This will be the penultimate part of my series about anime heroines. It has been interesting (for me, at least – I hope I haven’t bored you) to remember the sort of female characters that made an impact on me and also the development that has happened in anime over the years. Part 1 covered some of the classics from the early 90’s like Mysterious Cities of Gold while part 2 covered releases from the mid-90’s when the Sci-Fi channel began broadcasting anime.
In the late 90’s I regularly watched anime on the Sci-Fi channel when it was broadcast every Thursday evening. I caught a lot of classics but my nascent taste in anime was growing in certain directions, mostly military themed stories, but this post details when Production I.G. and Mamoru Oshii caught my heart.
Noa Izumi Patlabor 1 and 2 Spoilers (Production I.G.)
Voiced by Toni Barry, she reminded me of Leona from Dominion Tank Police. Noa is the focus of a lot of the Patlabor franchise but not the Production I.G.’s films where I encountered her. Production I.G.’s movie adaptations of the Patlabor television show and Yūki Masami’s 1988 manga broadens out the focus of the narrative giving the cast more to do and whilst the romance between the prim and proper Shinobu and the laconic Goto was diverting and the mix of politics and mystery of Mamoru Oshii’s stories was interesting, I was really cheering for Noa.
The ending for the final movie has a punch the air moment. After an epic battle in a storm battered tower involving copious amounts of mecha carnage where the oh so fragile humans are under threat of being squashed, Noa has the final say downing a mecha with a shotgun.
Fay Valentine and Radical Edward – Cowboy Bebop (Sunrise)
2002 saw the broadcast of Cowboy Bebop and Outlaw Star on cable channel CNX, a spin-off channel from the Cartoon Network. It was in a double-bill with Outlaw Star and while Outlaw Star was a lot of fun, Cowboy Bebop is the one that has stuck with me because of the characters and scope of the story – inter-planetary bounty hunters affecting a style somewhere between Godard and Michael Mann in a solar system influenced by so many retro American flavours.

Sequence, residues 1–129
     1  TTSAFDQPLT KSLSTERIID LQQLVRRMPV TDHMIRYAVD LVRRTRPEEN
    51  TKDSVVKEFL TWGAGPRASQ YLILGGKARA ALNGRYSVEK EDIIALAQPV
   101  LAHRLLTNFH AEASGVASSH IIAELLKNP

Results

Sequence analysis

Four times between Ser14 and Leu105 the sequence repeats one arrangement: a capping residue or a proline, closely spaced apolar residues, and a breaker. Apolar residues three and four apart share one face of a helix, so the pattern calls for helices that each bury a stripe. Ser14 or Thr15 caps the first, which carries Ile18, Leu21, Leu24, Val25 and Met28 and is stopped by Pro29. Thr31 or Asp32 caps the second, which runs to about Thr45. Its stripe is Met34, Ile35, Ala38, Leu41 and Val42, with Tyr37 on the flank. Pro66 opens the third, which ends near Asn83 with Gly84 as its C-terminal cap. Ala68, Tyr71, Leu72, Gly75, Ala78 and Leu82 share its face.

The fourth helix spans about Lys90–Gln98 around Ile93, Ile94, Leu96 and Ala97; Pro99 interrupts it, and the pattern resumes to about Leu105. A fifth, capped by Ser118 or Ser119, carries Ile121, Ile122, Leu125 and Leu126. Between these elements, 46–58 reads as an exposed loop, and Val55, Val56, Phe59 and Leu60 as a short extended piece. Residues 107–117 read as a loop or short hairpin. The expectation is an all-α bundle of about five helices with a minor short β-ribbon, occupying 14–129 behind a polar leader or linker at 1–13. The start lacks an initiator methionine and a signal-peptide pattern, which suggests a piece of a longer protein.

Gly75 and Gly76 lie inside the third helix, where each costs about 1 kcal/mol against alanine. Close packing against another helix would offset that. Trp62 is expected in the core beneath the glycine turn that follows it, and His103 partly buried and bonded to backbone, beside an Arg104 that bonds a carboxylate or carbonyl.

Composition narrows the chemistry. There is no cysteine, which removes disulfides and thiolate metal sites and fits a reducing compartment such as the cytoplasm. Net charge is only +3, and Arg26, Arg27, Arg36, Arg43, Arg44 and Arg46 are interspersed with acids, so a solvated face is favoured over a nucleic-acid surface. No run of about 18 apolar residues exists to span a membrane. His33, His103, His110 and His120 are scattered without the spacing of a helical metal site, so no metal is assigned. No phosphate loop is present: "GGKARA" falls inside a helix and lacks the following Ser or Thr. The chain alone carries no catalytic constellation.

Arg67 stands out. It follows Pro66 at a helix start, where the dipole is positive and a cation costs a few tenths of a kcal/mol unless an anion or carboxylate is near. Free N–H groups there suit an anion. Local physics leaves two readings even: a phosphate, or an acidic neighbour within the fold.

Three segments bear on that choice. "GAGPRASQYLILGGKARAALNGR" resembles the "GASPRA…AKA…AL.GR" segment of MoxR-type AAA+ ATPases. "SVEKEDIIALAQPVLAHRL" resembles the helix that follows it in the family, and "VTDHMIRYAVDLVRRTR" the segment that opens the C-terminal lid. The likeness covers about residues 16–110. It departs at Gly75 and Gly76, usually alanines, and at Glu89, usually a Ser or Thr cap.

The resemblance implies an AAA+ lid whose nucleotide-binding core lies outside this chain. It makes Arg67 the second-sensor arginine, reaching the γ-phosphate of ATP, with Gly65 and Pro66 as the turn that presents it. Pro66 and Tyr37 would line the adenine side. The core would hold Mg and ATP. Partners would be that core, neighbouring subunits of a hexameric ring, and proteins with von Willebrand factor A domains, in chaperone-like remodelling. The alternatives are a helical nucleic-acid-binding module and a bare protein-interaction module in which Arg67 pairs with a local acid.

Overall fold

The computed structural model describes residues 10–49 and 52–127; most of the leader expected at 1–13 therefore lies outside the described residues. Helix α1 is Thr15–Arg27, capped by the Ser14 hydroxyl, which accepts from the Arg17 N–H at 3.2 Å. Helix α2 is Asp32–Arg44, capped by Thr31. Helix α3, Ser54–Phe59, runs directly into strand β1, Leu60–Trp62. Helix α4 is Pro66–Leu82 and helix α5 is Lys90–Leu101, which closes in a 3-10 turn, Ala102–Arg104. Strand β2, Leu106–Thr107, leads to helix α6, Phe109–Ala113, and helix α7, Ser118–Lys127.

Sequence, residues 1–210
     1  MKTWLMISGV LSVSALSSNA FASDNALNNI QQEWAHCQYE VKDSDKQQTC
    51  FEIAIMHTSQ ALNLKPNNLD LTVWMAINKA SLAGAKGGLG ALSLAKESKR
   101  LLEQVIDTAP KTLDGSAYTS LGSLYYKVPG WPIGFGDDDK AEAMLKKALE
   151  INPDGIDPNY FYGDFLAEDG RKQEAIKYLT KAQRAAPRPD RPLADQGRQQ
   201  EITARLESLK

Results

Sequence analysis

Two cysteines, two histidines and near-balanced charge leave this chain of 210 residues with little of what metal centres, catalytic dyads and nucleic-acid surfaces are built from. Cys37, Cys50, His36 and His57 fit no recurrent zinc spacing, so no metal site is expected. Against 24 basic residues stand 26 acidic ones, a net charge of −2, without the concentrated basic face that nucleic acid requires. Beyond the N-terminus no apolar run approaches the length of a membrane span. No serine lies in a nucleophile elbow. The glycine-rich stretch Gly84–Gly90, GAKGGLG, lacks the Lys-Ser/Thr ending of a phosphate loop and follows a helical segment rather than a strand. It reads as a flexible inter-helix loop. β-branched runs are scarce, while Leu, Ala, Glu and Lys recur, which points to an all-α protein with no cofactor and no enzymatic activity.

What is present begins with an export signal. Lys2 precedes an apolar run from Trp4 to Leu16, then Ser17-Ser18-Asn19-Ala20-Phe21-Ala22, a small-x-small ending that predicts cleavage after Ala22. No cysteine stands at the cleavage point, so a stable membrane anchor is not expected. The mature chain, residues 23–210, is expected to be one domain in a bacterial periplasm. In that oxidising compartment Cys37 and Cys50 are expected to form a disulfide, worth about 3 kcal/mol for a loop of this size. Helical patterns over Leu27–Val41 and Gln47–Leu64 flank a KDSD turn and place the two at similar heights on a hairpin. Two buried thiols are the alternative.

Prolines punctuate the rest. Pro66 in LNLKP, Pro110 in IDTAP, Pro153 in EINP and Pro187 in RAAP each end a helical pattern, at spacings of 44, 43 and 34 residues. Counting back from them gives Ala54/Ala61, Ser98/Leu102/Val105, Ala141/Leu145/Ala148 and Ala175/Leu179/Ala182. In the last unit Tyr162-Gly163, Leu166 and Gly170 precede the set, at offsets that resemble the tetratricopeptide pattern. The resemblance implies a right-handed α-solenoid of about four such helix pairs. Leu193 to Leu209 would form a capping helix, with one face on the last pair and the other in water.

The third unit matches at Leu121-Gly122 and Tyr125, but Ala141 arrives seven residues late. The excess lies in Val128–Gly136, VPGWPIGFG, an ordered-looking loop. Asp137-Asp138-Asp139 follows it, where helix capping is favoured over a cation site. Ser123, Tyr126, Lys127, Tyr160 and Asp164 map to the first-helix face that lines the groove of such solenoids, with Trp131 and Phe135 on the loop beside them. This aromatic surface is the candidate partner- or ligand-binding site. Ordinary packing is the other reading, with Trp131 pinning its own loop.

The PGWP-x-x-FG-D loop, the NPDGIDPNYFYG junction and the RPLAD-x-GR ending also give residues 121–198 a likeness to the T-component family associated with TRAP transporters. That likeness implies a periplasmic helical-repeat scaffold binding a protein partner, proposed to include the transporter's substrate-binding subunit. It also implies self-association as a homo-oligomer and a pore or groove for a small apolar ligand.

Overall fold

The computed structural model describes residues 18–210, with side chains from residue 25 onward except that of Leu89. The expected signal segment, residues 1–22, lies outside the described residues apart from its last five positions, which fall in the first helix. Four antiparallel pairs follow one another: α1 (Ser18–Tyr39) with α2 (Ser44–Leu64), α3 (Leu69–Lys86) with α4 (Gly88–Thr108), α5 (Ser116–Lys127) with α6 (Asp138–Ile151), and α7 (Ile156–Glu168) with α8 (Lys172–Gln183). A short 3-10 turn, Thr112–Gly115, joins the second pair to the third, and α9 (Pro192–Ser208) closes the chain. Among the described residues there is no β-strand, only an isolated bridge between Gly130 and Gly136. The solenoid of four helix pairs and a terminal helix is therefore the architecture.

Main protagonist Spike was my new cool but I loved Faye and Edward more and when the dramatic back-stories of both were revealed I was moved close to tears.
A bounty hunter, a gambler, a cheat and a con-woman with no memories of her past and few morals, and although she cares about the crew of the Bebop, she always put herself ahead. She would have fallen into the generic tough girl role except the revelations of her past were a real emotional body-blow which culminated in an episode which left me emotional.
A young genius computer hacker who might be a boy, might be a girl. Initially the crew of the bebop are unsure but the voice actress… gave it away as a girl. She spends most of her time with a Welsh Corgi named Ein and is incredibly fond of speaking in bizarre rhymes which might have been irritating but wasn’t thanks to the script.
Asuka Langley Sohryu – Neon Genesis Evangelion (Gainax) Spoiler
The last gasp of anime on the UK’s Sci-Fi channel could be said to be Saturday morning’s Saiko Exciting (actually it was Excel Saga dumped in the graveyard slot at 5A.M.) and this is where I encountered Evangelion.